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Hackathon aims to solve agriculture challenges

A closeup of five students in front of a projector
Almost 200 students from around the U.S. had the chance to work on two challenges for the agricultural industry as part of the NSF/USDA-NIFA-funded AgAID Institute’s Digital Agathon.

Almost 200 students from around the U.S. had the chance to work on two challenges for the agricultural industry as part of the NSF/USDA-NIFA-funded AgAID Institute’s Digital Agathon. The event was held on the Washington State University Pullman campus as well as in Corvallis, Oregon and Merced, California.

A total of 32 teams from WSU, Oregon State University, University of Virginia, Virginia Tech and University of California, Merced participated in the event, which was sponsored by the AgAID Institute, and held in partnership with Microsoft and

“Our hackathon is experiential learning, providing a deep dive into areas of agriculture where artificial intelligence (AI) can help,” said Ananth Kalyanaraman, Boeing Centennial Chair in the School of Electrical Engineering and Computer Science and director of the AgAID Institute. “The hackathon gives our students a chance to creatively and collaboratively solve problems in interdisciplinary settings, and in the process learn and apply new.”

The students were given one of two agricultural challenges and had 48 hours to come up with solutions. In one challenge, students were asked to develop computer vision, using AI methods to measure and count apples grown in an apple orchard. The information is important for farmers because they would like to know how their decisions about orchard organization, pruning strategies, watering, fertilization, and harvest scheduling impact their crop yield.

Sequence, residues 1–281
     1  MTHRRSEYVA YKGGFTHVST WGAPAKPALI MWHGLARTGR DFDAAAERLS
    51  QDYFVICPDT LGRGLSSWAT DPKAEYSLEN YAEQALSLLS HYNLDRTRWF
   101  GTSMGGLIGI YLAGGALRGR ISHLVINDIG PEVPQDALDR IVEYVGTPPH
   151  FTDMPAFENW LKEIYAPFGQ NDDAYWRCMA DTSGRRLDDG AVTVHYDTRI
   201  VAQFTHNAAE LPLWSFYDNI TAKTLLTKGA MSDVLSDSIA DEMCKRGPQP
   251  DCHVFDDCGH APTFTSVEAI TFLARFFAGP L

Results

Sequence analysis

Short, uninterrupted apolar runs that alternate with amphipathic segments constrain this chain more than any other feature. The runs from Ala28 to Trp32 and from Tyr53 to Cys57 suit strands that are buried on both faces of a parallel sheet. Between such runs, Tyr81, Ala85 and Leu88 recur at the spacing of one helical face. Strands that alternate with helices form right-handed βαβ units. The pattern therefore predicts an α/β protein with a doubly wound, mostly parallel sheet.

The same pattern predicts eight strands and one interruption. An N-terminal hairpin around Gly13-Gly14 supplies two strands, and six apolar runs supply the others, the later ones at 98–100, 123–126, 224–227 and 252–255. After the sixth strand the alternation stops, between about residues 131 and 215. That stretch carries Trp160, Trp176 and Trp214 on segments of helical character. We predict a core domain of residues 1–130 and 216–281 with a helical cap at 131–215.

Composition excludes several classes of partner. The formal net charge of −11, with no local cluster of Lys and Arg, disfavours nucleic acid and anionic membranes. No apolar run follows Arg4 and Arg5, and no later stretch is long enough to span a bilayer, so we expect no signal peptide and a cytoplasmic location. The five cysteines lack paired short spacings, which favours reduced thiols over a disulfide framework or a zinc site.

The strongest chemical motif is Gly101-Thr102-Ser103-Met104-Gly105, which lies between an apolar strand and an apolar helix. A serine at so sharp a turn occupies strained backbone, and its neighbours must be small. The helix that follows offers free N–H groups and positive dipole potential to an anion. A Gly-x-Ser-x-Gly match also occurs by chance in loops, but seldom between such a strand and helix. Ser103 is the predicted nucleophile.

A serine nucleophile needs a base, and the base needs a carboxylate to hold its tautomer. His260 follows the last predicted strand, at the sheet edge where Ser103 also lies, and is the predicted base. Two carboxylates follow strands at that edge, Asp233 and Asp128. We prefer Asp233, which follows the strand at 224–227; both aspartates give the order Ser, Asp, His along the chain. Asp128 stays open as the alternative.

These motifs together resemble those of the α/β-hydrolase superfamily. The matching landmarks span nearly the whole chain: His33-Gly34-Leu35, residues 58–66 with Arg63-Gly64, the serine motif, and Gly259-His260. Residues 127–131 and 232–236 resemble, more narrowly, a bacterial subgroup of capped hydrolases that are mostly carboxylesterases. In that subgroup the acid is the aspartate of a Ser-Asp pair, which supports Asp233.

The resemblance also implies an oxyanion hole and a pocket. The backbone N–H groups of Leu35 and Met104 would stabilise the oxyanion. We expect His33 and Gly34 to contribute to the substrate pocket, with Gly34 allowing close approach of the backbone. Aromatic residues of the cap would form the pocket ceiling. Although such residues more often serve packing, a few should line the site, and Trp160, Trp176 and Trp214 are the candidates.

“Estimating the number of apples grown in farms can be a time-consuming and error-prone process during the fast-paced harvest season,” said Kalyanaraman. 

Another challenge had the students develop and apply computer models to forecast winter precipitation in the Sacramento Basin of California. Researchers would like to improve seasonal forecasting to reduce risks to water systems and help water managers manage supplies. 

A WSU team including students Gabriel Compton, John Hadish, Josh Oliver, Michael Oliver, and Shlok Tomar took first prize for the labor challenge competition, while WSU students Nicholas Kraabel, Bhupinderjeet Singh, Krishu Thapa, and Sejal Welanakar took second prize for the water challenge competition.  Muluh Muluh, Meijing Liang, Srikanth Gorthi, and Grant Erickson took fourth prize in the labor challenge. 

The AgAID Institute began in 2021 with a $20 million federal grant. The multi-institutional research institute aims to develop artificial intelligence solutions and workforce to tackle critical agricultural challenges related to labor, water, weather, and climate change. The institute aims to build and foster partnerships between the AI and agriculture communities and create a transdisciplinary ecosystem for technology innovation and knowledge transfer.

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